Mixed or average reviews - based on 16 Critics

Critic score distribution:
  1. Positive: 10 out of 16
  2. Negative: 1 out of 16
  1. 80
    A heartwarming, cleansing film that's simply good for the soul.
  2. 75
    When politics do not create walls (as apartheid did), most people are primarily interested in their families, their romances, and their jobs. They hope to improve all three. The movie is about their hope.
  3. Reviewed by: Ken Fox
    South African director Mark Bamford's sweet-natured ensemble film doesn't shy away from addressing issues of racism -- both black and white.
  4. Refreshingly devoid of politics.
  5. 70
    Grounded in the easy rhythms of daily life, this charming little film shows unexpected grit in sequences set in the white household where Lindiwe works, a place so oppressive that it suddenly seems way past time for South African movie characters - and their home audience - to experience a dose or two of Hollywood-style wish fulfillment.
  6. Reviewed by: Laura Kern
    Satisfying and memorable film.
  7. Reviewed by: Ronnie Scheib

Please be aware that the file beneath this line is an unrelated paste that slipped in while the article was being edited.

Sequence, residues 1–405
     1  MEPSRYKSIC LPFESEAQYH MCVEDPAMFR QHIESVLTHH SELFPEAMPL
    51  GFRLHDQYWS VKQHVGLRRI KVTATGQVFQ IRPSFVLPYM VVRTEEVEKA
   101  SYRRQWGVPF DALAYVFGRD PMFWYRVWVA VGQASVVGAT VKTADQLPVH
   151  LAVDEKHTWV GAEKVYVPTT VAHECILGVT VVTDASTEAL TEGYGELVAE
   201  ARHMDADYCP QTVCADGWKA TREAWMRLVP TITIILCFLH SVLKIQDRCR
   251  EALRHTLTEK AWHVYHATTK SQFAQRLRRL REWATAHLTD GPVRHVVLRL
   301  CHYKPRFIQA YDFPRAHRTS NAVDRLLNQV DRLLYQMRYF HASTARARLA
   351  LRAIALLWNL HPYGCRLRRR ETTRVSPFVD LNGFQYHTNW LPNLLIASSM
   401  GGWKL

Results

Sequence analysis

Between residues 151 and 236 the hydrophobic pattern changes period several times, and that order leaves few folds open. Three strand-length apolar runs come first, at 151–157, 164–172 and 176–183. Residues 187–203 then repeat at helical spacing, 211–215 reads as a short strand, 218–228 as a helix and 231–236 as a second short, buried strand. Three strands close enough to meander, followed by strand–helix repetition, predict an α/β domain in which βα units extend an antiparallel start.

Although by now routine, the intertwining of separate story strands is solidly structured, and the different mini-narratives resolved in unsurprising yet satisfying ways.
  8. 70
    Director Mark Bamford has a feel for the entanglements of daily life, and his lively editing rhythm holds the multiple stories together.
  9. 63
    A charming if overlong romantic comedy.
  10. It's facile, predictable, and contrived, but there's still something winning about this multicultural drama from South Africa.
  11. The stories are interlinked effectively, and the film strikes an upbeat note yet does not address racism and discrimination. For all its affection toward its characters, however, the film is too long and too slack.
  12. 50
    Cape of Good Hope is a hopeful piece of humanism that is difficult to begrudge too much.
  13. It lacks both complexity and compromised characters. While the cultural backdrop is intriguing, the story is frustratingly conventional and familiar.
  14. Only Nthati Moshesh, as a single black mother working as a housekeeper wooed by a displaced Congolese (Eriq Ebouaney), makes a dent in white-American-expatriate Mark Bamford's toothless scenario.
  15. The film does deserve credit for juggling difficult racial and class issues - but with a wacky score, cute puppies and silly side stories also jockeying for space, Bamford's best intentions tumble to a heap long before the movie ends.

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